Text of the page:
Ancient Remedies - Medieval Hair Dye

Ainsley Highland

As many of you already know, the theory behind Lacewing & Kettle is to draw from the rich global tradition of cosmetics and skincare that women have passed down for millennia, and vet them through the lens of modern science and technology to create natural, effective skincare.

Because of that focus, I spend a lot of time looking at historic sources to see what ingredients were used, and how, and to look for themes and consistencies across time. Today I thought I’d share a recipe from possibly the first treatise specifically concerning women’s cosmetics and beauty aids, “De ornatu mulierum,” and take a look at how and why it might have worked.

Image from a 14th Century ed. of Trotula, sourced from Wikipedia with eternal gratitude to their CC0 class public domain images

Meaning literally “On Women’s Cosmetics” “De ornatu mulierum” is one of three distinct works comprising the 12th century Trotula manuscript, the most important medieval (European) compendium on women’s health.

The recipe I chose from that work is a black hair dye that the author identifies as “Saracen,” meaning it came from the Muslim world, a mere hop, skip and a jump from Salerno, the southern Italian city where the Trotula originated.

“A proven Saracen preparation. Take the rind of an extremely sweet pomegranate and grind it, and let it boil in vinegar or water, and strain it, and to this strained substance let there be added powder of oak apples and alum in a large quantity, so that it might be thick as a poultice. Wrap the hair with this, as though it were a kind of dough. Afterward, let bran be mixed with oil and let it be placed in any kind of vessel upon the fire until the bran is completely ignited. Let her sprinkle this on the head down to the roots. Then she should wet it thoroughly and again let her wrap her head (prepared thus in the above- mentioned little sack) in the same above-mentioned strained liquid, and let her leave it throughout the night so that she might be the better anointed. Afterward, let her hair be washed and it will be completely black.”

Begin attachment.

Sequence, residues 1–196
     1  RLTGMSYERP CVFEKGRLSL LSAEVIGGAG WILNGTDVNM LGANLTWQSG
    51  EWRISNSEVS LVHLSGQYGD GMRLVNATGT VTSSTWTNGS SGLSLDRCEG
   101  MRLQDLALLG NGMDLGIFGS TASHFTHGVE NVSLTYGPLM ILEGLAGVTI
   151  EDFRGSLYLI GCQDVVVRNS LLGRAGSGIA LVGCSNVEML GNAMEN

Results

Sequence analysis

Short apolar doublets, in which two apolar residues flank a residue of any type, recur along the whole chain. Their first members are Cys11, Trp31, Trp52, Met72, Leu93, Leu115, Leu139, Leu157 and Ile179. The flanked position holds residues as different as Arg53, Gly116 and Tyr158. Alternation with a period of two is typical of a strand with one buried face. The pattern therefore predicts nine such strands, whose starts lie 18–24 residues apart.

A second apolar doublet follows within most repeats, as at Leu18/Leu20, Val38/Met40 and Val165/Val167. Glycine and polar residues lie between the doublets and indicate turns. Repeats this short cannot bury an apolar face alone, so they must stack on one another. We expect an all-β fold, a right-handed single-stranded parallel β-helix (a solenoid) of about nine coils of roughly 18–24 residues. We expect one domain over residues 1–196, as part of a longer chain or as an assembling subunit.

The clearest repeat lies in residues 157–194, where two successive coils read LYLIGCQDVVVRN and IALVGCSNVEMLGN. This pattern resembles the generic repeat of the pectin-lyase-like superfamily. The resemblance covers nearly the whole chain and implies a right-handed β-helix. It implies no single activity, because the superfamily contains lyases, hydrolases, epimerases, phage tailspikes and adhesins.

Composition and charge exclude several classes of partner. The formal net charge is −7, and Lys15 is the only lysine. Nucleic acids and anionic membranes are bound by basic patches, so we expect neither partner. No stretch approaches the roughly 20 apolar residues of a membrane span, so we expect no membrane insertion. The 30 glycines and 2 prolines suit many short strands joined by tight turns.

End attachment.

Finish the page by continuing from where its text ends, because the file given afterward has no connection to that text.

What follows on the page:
Before I get into how and why the ingredients might serve as an effective dye, let’s take a look at the dyeing process. Unlike modern hair dyes that would lift the cuticle and deposit a pure pigment in the core, this recipe functions along the same lines as any other process to affix natural dyes to natural fibers and would be closer to the hair staining process used in semi-permanent and temporary hair dyes.

In order to permanently dye a natural fiber, a natural plant extract is combined with a mineral mordant (or dye fixative). For high protein fibers — which in this case includes human hair — acid dyes are generally most effective. The basic process is to soak your fiber in the mordant for a while, and then add the dye. If you were paying close attention to the recipe, you may have noticed that the dye process came in two stages, and sure enough, these are neatly broken down into mordants and color. Now let’s take a look at the ingredients:

The main ingredients are:

        • Pomegranate Skins
        • Vinegar
        • Oak Apples
        • Alum
        • Ash (from Bran & Oil)